OK, so let's get this straight: Carl Edwards keeps his victory in Sunday's UAW-Dodge 400, but when the Chase for the Sprint Cup rolls around he won't get credit for that win?
This makes no sense.
Is it a win or isn't it?
On a day that witnessed the resolution of one contentious situation – Robby Gordon being exonerated for having the wrong nose on his car at Daytona – NASCAR handed down another penalty that only further muddied an already murky body of water.
As a result of finding the oil lid "off" in Edwards' car following Sunday's race, NASCAR docked Edwards 100 points, which is too light. They fined and suspended his crew chief for six races, which was predictable. But then NASCAR added this little caveat: If Edwards makes the Chase, which he will, he won't get the 10-point bonus for this win.
In case you didn't know, one of NASCAR's newer rules is that drivers who qualify for the Chase receive a 10-point bonus for each regular-season win … except in this case – where a win isn't necessarily a win.
"Well, it is a win," NASCAR spokesman Kerry Tharp said. "He got credit for the win. It's just that the penalty also included the loss of the 10 bonus points in the (Chase) seeding process."
Will this hurt Edwards, who was leading the points standings before the 100-point penalty dropped him to seventh? Sure. Does it make any sense? Not at all.
Despite the defense made by Geoff Smith, president of Roush Fenway Racing, that a bolt on Edwards' car "failed in its purpose," it's hard to believe what happened Sunday wasn't intentional.
"Those things are bolted down," said Todd Berrier, crew chief for Kevin Harvick, meaning they don't just pop "off" on their own.
Though Berrier acknowledged the infraction isn't why Edwards won Sunday's race – "Overall, his car was that much better," Berrier said – there's no argument that having the oil lid off creates more down force – possibly as much as 100 pounds – which provides an aerodynamic advantage.
NASCAR knows this because they have Edwards' car in their possession and they've tested it.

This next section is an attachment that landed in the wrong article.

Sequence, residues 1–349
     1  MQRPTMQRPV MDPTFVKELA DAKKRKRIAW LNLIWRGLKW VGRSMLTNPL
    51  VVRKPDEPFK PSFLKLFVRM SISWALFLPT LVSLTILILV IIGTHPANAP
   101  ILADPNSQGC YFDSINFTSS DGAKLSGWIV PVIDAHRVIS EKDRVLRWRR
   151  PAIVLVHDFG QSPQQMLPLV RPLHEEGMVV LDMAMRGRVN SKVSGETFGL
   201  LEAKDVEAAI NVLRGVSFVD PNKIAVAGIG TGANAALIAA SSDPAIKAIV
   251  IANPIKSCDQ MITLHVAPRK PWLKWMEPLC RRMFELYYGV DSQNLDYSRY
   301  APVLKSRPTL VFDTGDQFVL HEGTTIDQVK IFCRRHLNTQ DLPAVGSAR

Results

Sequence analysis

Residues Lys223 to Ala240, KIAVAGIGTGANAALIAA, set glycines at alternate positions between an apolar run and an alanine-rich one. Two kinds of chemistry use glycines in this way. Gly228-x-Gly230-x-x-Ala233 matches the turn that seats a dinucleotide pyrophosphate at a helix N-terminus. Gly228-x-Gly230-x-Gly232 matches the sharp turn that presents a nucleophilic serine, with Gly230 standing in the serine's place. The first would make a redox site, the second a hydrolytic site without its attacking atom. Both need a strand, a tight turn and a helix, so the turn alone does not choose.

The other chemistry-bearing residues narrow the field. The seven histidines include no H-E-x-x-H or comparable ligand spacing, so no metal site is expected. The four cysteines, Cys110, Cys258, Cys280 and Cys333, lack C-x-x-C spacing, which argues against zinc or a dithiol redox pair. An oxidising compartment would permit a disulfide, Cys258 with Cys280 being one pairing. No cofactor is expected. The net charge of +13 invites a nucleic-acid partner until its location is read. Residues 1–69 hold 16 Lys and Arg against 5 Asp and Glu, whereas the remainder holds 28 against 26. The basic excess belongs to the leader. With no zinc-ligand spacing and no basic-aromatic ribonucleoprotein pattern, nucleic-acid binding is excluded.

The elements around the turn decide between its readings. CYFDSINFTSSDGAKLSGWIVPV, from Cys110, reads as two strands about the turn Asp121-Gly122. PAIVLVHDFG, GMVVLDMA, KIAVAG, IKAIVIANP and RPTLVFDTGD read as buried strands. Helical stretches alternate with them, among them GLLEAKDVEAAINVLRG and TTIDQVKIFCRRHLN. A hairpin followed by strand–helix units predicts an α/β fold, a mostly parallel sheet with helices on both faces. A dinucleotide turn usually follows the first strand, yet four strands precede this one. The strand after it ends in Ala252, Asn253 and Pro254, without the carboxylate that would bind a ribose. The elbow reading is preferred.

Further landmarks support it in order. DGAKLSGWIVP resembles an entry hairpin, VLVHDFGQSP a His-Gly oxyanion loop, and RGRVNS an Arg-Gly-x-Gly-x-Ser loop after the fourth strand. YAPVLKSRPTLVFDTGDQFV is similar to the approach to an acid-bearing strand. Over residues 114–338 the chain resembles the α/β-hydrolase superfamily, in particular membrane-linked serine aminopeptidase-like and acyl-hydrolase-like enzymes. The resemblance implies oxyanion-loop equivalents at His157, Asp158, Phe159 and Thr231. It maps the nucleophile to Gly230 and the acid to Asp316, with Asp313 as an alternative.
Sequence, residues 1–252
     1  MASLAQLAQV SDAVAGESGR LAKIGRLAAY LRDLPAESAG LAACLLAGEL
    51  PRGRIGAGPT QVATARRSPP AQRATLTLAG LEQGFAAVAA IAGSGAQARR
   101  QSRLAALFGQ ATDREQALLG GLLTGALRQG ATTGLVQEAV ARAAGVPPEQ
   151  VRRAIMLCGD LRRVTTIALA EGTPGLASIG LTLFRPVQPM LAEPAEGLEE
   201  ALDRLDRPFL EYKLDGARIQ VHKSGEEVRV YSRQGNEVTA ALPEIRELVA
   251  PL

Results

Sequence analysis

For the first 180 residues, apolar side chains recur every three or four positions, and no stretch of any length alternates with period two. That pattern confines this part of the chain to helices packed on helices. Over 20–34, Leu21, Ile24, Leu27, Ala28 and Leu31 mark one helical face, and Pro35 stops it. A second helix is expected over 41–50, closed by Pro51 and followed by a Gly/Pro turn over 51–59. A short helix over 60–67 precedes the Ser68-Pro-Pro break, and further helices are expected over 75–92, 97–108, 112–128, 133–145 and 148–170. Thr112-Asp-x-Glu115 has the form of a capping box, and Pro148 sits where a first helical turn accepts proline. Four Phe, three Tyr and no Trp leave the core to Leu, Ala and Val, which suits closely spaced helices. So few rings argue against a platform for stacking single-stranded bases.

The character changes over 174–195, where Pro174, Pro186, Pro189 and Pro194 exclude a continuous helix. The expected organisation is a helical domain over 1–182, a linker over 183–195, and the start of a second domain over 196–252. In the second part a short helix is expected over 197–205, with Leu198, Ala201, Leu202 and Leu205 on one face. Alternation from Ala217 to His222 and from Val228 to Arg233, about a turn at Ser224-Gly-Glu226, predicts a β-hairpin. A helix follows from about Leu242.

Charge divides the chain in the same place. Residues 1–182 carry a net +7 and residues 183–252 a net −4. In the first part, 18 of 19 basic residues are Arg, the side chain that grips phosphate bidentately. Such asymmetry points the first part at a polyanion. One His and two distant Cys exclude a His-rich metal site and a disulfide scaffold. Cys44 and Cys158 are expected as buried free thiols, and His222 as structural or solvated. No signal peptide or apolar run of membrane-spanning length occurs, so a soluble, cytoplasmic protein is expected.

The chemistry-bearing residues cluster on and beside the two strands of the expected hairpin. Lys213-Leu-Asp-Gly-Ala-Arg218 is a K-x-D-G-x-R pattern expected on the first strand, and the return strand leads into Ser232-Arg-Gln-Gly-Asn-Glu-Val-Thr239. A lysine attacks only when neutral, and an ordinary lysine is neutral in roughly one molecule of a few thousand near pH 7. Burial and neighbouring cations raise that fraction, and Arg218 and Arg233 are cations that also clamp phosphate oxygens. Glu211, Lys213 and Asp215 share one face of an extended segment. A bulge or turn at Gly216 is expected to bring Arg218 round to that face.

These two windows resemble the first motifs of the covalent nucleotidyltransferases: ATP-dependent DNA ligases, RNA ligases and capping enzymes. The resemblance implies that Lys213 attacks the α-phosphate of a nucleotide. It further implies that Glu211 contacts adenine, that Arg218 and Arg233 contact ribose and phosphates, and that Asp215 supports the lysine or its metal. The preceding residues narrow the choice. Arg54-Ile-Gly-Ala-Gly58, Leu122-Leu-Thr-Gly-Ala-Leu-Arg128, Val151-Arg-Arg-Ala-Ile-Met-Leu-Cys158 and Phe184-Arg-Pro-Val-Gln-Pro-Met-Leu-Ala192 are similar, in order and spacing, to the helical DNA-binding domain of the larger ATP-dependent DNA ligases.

So if they know this, and others acknowledge it, why wasn't Edwards stripped of the win?
Well, because NASCAR doesn't do that.
The last time NASCAR took away a Cup win from a driver for failing post-race inspection is believed to be 1955. I say believed because it's been so long, no one knows for sure. This in a sport where the old adage is, "If you ain't cheatin', you ain't tryin'."
I get why NASCAR doesn't make a habit of stripping away wins. It's not good business to wave the checkered flag from a boardroom on a Wednesday.
But in this case, how can they not?
By disallowing the 10-point bonus normally awarded for all pre-Chase victories, NASCAR is all but acknowledging there was something illegitimate about the win. Yet they're not taking it away?
One doesn't mesh with the other.
This isn't the first time crew chiefs have attempted to create openings in cars to generate more down force. In fact, following the Nationwide race at Daytona just three weeks ago, five teams were penalized for the same infraction, though three of those penalties since have been rescinded or reduced.
"One hundred points at this point in season doesn't mean anything, especially for a team that good," Berrier said.
Berrier, known for bending the rules, said NASCAR needs to start taking away wins.
"That's the only way this kind of stuff will stop, but I hope it never happens."
At some point, it will. In the meantime, NASCAR has left us to wonder if a win really is a win.